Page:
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Sunday, September 19, 2010

Art in the Pearl and The Unbound Book

Every Labor Day, I brave the traffic, and parking (or lack of) in Portland and set aside a day to tour Art in the Pearl. A premier art and craft sale, it never fails to disappoint and this year was no exception. I noticed a few things this year that I don't remember from earlier shows, (although maybe I wasn't looking as hard to find a way to purchase art that would not leave holes in my pocket book)....no one had any cards for sale. I was sad on this account. As photographs are not allowed in most booths (although many people ignored the signs and took them anyway), the one thing I could do is buy a card or two to remember art that touched my heart or a technique I wanted to know more about. But with art everywhere, and several public displays, I was able to snap a few shots:
This last piece of art is made from hundreds of pieces of wood about a 1/2" square. From a distance it looks like a painting. So much inspiration to be found that it was hard to keep it inside my head. Hopefully it will come back to me one day in a serendipitous moment when I am sorely in need of inspiration.

This weekend, I had the pleasure of participating in a class at Oregon College of Arts and Crafts
called The Unbound Book: Painting Techniques for Book Artists taught by Lisa Onstad. I am so excited by what I accomplished in this class that I can't wait to do more....and learned techniques that will change the way I work with acrylics, both in painting and in the foundation for my encaustic work. The photo above shows the start of cards we made for our project. Paint a little, draw with colored pencil. Sand a little.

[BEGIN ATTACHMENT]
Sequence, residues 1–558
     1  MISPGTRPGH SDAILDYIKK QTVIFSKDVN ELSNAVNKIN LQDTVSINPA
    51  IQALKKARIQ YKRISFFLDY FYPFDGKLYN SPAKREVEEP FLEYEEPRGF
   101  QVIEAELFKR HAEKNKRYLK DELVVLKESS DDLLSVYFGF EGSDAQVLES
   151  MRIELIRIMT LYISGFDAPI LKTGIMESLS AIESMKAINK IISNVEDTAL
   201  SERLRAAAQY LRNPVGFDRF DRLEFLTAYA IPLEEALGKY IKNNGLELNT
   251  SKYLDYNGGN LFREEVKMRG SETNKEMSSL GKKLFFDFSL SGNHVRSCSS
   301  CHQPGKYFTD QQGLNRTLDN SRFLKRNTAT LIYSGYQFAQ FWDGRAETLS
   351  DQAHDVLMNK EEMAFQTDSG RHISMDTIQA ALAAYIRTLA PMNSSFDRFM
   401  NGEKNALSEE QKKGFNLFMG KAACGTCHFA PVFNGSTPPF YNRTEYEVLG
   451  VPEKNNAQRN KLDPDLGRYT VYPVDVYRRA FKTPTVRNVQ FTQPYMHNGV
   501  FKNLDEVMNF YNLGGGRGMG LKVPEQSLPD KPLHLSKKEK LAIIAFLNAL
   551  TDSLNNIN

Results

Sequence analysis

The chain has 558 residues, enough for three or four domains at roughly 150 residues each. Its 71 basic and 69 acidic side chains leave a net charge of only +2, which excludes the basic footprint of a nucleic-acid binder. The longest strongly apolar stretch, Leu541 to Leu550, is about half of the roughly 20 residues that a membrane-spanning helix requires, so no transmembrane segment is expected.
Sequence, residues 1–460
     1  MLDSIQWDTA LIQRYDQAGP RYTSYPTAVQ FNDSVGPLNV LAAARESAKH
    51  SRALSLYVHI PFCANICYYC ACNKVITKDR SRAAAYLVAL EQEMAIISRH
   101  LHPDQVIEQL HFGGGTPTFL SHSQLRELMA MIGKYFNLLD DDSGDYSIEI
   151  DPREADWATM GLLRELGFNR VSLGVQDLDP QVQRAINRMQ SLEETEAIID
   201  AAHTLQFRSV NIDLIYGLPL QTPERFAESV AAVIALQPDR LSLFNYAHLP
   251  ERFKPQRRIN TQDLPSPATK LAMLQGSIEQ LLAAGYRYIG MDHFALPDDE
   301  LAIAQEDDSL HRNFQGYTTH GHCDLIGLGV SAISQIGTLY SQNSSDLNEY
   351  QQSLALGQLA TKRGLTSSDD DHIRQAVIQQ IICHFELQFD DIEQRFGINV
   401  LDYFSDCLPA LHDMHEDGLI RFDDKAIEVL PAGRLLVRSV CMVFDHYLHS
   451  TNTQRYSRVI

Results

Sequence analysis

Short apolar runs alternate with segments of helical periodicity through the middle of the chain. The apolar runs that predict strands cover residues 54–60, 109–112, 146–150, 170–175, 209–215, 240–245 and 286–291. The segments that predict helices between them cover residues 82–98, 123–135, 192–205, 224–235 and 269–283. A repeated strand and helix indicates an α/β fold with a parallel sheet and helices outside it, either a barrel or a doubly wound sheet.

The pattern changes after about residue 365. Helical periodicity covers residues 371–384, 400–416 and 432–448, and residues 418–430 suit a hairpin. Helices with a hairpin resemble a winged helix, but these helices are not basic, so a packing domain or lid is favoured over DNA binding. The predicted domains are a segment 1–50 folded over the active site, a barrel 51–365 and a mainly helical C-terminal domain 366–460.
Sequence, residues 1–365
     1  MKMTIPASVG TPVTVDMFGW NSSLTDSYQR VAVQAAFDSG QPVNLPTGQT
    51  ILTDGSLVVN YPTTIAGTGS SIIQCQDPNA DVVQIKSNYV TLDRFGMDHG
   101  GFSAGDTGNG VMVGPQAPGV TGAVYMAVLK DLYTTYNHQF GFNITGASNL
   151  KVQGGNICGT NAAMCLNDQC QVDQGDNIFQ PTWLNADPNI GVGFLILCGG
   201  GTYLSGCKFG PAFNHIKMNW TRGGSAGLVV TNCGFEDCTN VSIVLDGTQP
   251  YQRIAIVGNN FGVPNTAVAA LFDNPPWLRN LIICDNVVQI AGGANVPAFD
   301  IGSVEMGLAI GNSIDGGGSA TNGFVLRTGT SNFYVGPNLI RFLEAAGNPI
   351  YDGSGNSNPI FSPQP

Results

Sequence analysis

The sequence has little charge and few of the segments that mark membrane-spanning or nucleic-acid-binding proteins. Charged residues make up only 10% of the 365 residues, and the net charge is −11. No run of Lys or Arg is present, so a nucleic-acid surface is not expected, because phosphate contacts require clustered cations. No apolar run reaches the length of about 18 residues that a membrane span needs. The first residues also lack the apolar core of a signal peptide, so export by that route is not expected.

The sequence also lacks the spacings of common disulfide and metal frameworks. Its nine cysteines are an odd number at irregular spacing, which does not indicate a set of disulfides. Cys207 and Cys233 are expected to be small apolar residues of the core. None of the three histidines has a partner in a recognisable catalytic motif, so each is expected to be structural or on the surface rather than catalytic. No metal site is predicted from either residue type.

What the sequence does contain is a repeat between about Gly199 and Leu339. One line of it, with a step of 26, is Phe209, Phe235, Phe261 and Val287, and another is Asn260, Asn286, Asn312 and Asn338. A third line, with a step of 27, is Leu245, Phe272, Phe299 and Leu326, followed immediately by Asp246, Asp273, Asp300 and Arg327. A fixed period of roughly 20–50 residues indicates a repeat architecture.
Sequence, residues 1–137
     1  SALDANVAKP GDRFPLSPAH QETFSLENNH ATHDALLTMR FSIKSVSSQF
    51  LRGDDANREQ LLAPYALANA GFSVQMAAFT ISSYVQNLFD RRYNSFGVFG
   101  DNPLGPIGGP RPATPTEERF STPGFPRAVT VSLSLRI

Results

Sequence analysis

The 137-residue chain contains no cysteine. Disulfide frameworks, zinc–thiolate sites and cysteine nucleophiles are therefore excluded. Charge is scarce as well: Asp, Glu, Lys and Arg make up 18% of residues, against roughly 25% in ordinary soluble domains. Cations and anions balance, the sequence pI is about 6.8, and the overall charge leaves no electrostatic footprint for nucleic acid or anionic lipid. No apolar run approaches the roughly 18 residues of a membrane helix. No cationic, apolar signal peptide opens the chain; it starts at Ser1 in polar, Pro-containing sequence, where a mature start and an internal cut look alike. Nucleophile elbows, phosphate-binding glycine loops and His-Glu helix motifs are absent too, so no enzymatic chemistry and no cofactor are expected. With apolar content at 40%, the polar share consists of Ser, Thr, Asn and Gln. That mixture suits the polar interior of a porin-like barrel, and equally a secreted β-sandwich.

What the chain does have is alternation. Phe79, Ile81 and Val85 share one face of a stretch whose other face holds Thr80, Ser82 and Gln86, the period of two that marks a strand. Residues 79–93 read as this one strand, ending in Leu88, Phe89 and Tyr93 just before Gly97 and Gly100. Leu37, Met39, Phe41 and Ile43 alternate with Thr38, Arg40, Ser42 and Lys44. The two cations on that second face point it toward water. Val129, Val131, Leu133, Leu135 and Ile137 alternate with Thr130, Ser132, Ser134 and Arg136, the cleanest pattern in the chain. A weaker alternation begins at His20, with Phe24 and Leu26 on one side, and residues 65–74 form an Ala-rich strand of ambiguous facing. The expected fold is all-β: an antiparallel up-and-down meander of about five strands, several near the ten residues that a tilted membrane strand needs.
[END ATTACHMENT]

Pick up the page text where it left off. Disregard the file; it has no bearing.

Paint again. Sand a lot. Learn to cut stencils. Stencil a little. Sand a little and stencil some more.
Snack on a bit of seaweed, and sand some more...
And come up with amazing results. I love this technique and hope to experiment on larger boards to see how I can incorporate this in my own way into my painting and encaustic. The cards receive a final coating of wax, so once the wax is on, it's fair game for some of my encaustic techniques. So expect to see some experimentation with transfers and foils.
Once we had a feel for what we were doing, we made an edition of work to share with other students. We were divided into two groups; a plant theme and an animal theme. Each of us selected a work that spoke to us from a written narrative and made a card for everyone in our group. Not one of us duplicated a word! And while we used the same technique, each card was very different from the others.
Animal

Plant
A weekend well spent. Can't wait to take her next class in the spring, working with the same techniques on larger canvases!

4 comments:

Paula McNamee said...

Jan, love the colors, layers and textures in your unbound book pages. Sounds like a fun class.

Cindi V. Walton said...

Your work is so incredible. I always feel so inspired when I see what you're up to.

Cindi V. Walton said...

Your work always inspires me! Someday I am going to take a class and learn something new! You are my inspiration.

Eva said...

Faaaantastic Jan!!! Can't wait to see what else you come up with. Your work and creative output never ceases to amaze me.